Hastings Area Social and Environmental Justice Group is concerned about government proposals to raise GST to pay for tax cuts.
In the May budget this year the government is ‘carefully considering’ raising GST from 12.5 percent to 15 percent. It is calculated that this increase will provide an extra $2 billion to finance income tax cuts.
According to a Dominion Post poll New Zealanders are split down the middle on this issue. Many would argue that, if increasing GST results in paying less income tax, this has to be a good thing. But those who earn the least are likely to be the most adversely affected.
Often opinions on any contentious issue in life are initially based on how it may affect the individual. This is a standard human response. Only then do people sometimes look beyond themselves to how it may affect others. This doesn’t make the response right or wrong. However, as followers of Christ we are called to look beyond ourselves and consider the Common Good as opposed to how it affects us as individuals. This however, is not always easy to do.
The Catholic Social teaching on economic justice calls on people to make a ‘preferential option for the poor and vulnerable’.
Catholic tradition instructs us to put the needs of the poor and vulnerable first. The good of society as a whole demands it. It is important that we look at public policy decisions in terms of how they affect the poor (Caritas, Social Justice Series, No. 13).
‘The scriptures tell us we will be judged by our response to ‘the least of these’. The way society responds to the needs of the poor through its public policies is the litmus test of how just or unjust a society is and how just or unjust is its government’ ( NZ Church leaders, Social Justice Statement, 1993).
Our current government says it will provide additional support for beneficiaries and superannuitants to compensate them if GST is raised. However, will this ‘additional support’ be adequate to meet the basic needs of this section of the population? Do we trust our politicians to follow through with these promises?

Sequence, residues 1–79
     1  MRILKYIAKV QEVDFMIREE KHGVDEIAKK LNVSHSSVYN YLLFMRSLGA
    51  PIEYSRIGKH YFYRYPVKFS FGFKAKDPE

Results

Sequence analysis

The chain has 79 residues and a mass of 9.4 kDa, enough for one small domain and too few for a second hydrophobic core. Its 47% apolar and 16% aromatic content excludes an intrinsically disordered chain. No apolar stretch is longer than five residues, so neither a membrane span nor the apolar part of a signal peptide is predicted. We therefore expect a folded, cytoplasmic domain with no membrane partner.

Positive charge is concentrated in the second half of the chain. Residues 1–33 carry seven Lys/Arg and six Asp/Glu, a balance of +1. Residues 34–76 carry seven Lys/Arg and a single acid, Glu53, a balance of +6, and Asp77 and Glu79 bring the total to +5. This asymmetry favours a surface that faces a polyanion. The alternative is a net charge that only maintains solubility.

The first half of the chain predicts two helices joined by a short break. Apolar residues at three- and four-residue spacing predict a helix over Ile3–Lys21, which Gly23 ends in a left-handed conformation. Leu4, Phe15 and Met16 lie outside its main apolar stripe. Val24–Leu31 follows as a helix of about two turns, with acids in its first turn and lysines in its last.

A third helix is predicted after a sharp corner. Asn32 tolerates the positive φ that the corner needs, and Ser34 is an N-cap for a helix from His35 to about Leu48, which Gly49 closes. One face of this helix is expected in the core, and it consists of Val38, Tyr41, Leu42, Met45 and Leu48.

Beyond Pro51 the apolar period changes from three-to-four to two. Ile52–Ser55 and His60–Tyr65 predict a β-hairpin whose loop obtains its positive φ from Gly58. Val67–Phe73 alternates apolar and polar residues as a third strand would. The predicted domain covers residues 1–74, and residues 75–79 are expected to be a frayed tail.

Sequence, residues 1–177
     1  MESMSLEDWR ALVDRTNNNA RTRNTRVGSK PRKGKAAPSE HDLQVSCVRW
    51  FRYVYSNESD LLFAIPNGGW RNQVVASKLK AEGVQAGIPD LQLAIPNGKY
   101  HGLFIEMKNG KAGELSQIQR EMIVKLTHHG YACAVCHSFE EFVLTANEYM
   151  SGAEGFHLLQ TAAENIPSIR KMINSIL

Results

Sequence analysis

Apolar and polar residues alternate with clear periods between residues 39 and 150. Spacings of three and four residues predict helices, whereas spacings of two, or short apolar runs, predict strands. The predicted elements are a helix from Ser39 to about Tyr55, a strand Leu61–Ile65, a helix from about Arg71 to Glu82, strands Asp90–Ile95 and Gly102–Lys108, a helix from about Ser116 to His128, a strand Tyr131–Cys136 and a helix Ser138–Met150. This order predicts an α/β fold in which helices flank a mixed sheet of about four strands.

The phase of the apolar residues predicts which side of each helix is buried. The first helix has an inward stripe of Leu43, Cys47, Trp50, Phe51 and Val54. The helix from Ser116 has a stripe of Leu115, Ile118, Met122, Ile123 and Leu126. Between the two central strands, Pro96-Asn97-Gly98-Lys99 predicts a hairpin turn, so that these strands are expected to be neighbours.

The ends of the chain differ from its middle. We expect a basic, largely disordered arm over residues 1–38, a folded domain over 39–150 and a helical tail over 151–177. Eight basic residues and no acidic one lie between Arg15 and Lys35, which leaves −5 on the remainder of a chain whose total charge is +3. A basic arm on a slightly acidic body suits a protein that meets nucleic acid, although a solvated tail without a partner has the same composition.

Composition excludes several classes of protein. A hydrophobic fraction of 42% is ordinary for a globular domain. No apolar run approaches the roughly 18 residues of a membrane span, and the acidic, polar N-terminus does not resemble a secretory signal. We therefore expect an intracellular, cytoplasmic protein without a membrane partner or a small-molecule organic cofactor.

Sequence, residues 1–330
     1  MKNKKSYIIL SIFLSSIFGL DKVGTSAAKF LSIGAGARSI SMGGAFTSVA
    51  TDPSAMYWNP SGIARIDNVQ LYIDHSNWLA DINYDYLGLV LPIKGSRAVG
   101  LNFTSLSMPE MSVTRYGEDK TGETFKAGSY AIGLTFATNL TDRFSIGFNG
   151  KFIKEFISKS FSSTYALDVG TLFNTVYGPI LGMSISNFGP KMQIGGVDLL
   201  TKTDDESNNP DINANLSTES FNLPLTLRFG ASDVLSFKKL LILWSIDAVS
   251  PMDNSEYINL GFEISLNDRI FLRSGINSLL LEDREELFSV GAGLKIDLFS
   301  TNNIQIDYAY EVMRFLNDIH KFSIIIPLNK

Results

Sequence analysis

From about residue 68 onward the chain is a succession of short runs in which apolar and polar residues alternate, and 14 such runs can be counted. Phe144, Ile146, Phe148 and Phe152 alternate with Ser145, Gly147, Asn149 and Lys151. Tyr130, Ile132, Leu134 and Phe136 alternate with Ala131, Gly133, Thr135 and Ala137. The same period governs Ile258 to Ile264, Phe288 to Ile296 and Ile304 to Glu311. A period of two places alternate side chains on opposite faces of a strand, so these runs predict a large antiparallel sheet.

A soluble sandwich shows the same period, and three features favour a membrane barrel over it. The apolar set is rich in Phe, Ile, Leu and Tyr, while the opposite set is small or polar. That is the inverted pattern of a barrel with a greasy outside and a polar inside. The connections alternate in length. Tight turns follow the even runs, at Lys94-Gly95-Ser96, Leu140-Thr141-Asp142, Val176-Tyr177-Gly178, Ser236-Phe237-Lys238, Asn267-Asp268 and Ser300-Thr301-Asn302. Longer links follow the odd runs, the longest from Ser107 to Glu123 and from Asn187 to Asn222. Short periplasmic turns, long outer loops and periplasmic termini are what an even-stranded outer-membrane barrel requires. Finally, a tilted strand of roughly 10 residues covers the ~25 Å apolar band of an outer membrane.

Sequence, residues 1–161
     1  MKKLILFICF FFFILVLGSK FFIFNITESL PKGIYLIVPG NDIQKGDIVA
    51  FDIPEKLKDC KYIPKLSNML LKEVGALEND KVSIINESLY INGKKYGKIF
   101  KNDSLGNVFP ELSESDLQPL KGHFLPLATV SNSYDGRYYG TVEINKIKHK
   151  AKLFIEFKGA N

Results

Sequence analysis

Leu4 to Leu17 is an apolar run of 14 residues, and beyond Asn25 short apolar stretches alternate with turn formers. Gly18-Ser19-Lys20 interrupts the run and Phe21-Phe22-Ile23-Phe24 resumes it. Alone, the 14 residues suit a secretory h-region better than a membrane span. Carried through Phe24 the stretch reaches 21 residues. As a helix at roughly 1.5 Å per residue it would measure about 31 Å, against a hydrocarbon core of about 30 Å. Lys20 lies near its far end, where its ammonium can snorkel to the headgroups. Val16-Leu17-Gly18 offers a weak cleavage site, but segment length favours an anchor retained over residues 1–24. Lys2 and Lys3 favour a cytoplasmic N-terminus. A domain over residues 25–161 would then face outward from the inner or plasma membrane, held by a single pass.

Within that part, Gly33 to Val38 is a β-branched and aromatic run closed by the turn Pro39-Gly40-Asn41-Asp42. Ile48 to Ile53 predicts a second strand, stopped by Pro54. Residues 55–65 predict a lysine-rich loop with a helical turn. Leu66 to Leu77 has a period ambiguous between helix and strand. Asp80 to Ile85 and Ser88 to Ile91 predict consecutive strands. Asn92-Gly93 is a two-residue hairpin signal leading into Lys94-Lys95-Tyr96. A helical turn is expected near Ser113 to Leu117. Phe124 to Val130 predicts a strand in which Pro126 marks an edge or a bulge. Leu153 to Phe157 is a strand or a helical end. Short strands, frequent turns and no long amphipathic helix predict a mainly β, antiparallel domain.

Many would ask – why not exclude GST from food and essential items? This would go a long way towards supporting those on lower incomes. So… is this our concern as a Catholic community or do we leave it to the politicians whom we have duly elected to make these decisions?
Cardinal Tom Williams has argued that, when political policies are limited to economic growth, maximising profit and consumption and disregarding the social, cultural and spiritual needs of the whole person, the church must say so.
Is this statement relevant to the proposed GST increase?
The rise in GST is just one contentious social issue that the community faces and, even within families, there will be a range of different opinions. Can we then be open to the challenge of discussing, debating and reflecting on these issues as church community – we could also move from a passive stance to take action on these issues?
If this triggers any reaction or interest from you to pursue discussion and reflection on the issue, please contact your parish social justice group or people in your area who are interested or email email@example.com